RFC 9311

Internet Engineering Task Force (IETF)                          C. Eckel
Request for Comments: 9311                                 Cisco Systems
Category: Informational                                   September 2022
ISSN: 2070-1721

                       Running an IETF Hackathon


   IETF Hackathons encourage the IETF community to collaborate on
   running code related to existing and evolving Internet standards.
   This document provides a set of practices that have been used for
   running IETF Hackathons.  These practices apply to Hackathons in
   which both in-person and remote participation are possible, with
   adaptations for Hackathons that are online only.

Status of This Memo

   This document is not an Internet Standards Track specification; it is
   published for informational purposes.

   This document is a product of the Internet Engineering Task Force
   (IETF).  It represents the consensus of the IETF community.  It has
   received public review and has been approved for publication by the
   Internet Engineering Steering Group (IESG).  Not all documents
   approved by the IESG are candidates for any level of Internet
   Standard; see Section 2 of RFC 7841.

   Information about the current status of this document, any errata,
   and how to provide feedback on it may be obtained at

Copyright Notice

   Copyright (c) 2022 IETF Trust and the persons identified as the
   document authors.  All rights reserved.

   This document is subject to BCP 78 and the IETF Trust's Legal
   Provisions Relating to IETF Documents
   (https://trustee.ietf.org/license-info) in effect on the date of
   publication of this document.  Please review these documents
   carefully, as they describe your rights and restrictions with respect
   to this document.  Code Components extracted from this document must
   include Revised BSD License text as described in Section 4.e of the
   Trust Legal Provisions and are provided without warranty as described
   in the Revised BSD License.

Table of Contents

   1.  Introduction
   2.  Timing
     2.1.  Agenda
     2.2.  Hackdemo Happy Hour
     2.3.  Code Lounge
     2.4.  Code Sprint
     2.5.  Online Only
   3.  Funding
     3.1.  Sponsorship
     3.2.  Expenses
       3.2.1.  In-Person Event Expenses
       3.2.2.  Remote Participation Expenses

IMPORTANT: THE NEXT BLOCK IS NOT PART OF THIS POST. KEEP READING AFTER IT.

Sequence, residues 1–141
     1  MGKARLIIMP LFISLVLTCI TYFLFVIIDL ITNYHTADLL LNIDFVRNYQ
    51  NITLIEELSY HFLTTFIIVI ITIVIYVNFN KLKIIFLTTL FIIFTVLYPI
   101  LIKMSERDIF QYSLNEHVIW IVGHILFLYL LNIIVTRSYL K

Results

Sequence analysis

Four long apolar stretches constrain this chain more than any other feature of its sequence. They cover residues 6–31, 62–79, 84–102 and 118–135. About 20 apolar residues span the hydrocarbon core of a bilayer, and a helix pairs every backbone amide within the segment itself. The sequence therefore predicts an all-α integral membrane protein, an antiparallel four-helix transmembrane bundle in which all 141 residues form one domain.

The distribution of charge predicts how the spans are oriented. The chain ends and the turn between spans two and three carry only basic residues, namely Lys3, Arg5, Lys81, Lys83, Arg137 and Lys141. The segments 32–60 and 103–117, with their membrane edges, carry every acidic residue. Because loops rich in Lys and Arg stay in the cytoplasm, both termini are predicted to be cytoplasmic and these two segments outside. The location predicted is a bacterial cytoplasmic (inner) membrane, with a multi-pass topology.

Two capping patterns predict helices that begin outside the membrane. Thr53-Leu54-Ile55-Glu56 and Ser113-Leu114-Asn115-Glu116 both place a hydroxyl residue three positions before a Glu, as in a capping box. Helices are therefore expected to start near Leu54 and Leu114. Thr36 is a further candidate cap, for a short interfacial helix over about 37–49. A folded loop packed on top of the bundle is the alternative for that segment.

4.  Project Presentations
     4.1.  Project Pitches
     4.2.  Project Results Presentations
       4.2.1.  Templates
     4.3.  Upload to GitHub
     4.4.  Presenting in Person
     4.5.  Presenting Remotely
   5.  Tooling
     5.1.  Datatracker
     5.2.  IETF Website
       5.2.1.  Hackathon Website
       5.2.2.  Meeting Website
     5.3.  Registration
       5.3.1.  Participant List
       5.3.2.  Caps on Registrations
     5.4.  Meeting Wiki
       5.4.1.  Hackathon
       5.4.2.  Lost and Found
       5.4.3.  Results Presentation Schedule
       5.4.4.  In Person Only
       5.4.5.  Online Only
     5.5.  Email List
       5.5.1.  Email Alias for Hackathon Chairs
     5.6.  GitHub
     5.7.  Meetecho
     5.8.  Network
       5.8.1.  Remote Networking
     5.9.  Webex
     5.10. Gather
   6.  Statistics and Metrics
     6.1.  IETF Survey Results
     6.2.  Hackathon Survey Results
   7.  Roles and Responsibilities
     7.1.  Hackathon Chair(s)
     7.2.  Secretariat
     7.3.  Sponsor
     7.4.  Champions of Projects
     7.5.  IETF LLC, Director of Communications and Operations (was
     7.6.  Judges
   8.  Implementation Status
   9.  Security Considerations
     9.1.  Privacy Considerations
   10. IANA Considerations
   11. Informative References

   Author's Address

1.  Introduction

   IETF Hackathons encourage the IETF community to collaborate on
   running code related to existing and evolving Internet standards.
   IETF Hackathons aim to:

   *  advance the pace and relevance of IETF standards activities by
      bringing the speed and collaborative spirit of open source
      development into the IETF

   *  bring developers and early career professionals into the IETF and
      get them exposed to and interested in the IETF

   IETF Hackathons are free to attend and open to everyone.  Software
   developers are the primary audience, but participation by subject-
   matter experts who are not necessarily developers is encouraged and
   very important as well.  Similarly, while the Hackathon is meant to
   attract newcomers and people who do not typically attend standards
   meetings, long-time IETF contributors, including Internet-Draft